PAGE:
Visitors who get up close and personal with the inhabitants of the Great Ape Trust in Des Moines, Iowa, aren't selected by the scientists who work there. The apes have final say about who is allowed to meet them — and who isn't.
Sara Gruen decided to stack the odds in her favor for her visit to the research facility. Like one of the characters in her new novel "Ape House" (Spiegel & Grau, $26), she bought backpacks and filled them "with everything I thought an ape might find fun or tasty — bouncy balls, fleece blankets, M&M's, xylophones, Mr. Potato Heads, etc. — and then e-mailed the scientists, asking them to please let the apes know I was bringing 'surprises."'
The apes didn't have to be coerced to see Gruen; they demanded to meet her. The day after her visit, Panbanisha, a female, asked the scientists: "Where's Sara? Build her nest. When's she coming back?"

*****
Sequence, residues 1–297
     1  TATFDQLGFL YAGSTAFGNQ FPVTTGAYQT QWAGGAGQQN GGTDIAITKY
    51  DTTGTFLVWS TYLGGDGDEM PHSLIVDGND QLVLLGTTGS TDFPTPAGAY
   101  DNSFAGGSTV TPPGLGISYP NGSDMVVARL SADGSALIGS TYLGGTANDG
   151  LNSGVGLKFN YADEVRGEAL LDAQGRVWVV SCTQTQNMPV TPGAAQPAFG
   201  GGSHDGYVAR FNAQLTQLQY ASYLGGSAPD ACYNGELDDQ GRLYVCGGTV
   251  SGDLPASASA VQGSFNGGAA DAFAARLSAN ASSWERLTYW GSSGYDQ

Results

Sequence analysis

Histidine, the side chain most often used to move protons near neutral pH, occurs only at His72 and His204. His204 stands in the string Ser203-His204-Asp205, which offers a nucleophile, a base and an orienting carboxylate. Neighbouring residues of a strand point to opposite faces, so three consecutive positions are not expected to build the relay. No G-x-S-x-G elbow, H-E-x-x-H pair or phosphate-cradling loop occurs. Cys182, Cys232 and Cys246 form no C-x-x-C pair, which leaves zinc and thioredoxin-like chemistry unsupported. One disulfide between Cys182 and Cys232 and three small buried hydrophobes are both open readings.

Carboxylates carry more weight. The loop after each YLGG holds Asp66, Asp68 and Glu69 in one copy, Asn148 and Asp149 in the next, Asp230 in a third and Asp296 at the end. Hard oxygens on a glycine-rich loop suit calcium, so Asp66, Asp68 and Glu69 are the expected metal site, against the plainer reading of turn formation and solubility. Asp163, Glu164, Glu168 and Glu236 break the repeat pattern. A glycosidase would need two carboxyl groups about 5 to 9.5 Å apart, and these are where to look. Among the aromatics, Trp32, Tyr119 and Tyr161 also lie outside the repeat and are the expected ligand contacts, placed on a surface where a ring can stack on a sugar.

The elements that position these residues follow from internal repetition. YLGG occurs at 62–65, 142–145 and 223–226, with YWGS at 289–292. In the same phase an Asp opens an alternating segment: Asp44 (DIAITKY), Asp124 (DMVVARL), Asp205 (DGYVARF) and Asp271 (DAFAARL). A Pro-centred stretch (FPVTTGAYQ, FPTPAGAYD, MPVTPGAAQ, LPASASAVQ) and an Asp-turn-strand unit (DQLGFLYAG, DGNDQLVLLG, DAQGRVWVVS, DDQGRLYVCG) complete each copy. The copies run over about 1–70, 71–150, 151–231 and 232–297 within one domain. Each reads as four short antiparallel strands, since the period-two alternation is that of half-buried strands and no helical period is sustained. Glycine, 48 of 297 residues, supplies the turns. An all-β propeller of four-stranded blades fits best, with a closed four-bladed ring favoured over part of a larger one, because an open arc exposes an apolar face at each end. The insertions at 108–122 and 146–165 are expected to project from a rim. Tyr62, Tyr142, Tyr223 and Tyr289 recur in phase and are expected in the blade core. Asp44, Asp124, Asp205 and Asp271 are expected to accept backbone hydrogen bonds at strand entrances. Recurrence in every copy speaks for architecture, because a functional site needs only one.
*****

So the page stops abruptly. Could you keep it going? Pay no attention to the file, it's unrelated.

The intriguing — and frequently startling — potential for communication between our species and Panbanisha's lies at the heart of "Ape House." The novel features a family of bonobos — an endangered species once thought to be chimpanzees and known for cheerfully casual sexual behavior — at a university research facility that communicate using American Sign Language and lexigrams (graphic symbols that represent words). The Canadian-born Gruen explores what happens to them and their human counterparts when a mysterious group "liberates" the apes, a porn king buys them and they end up as stars of a reality TV show (looking much smarter, less aggressive and more compassionate than any "Jersey Shore" cast member).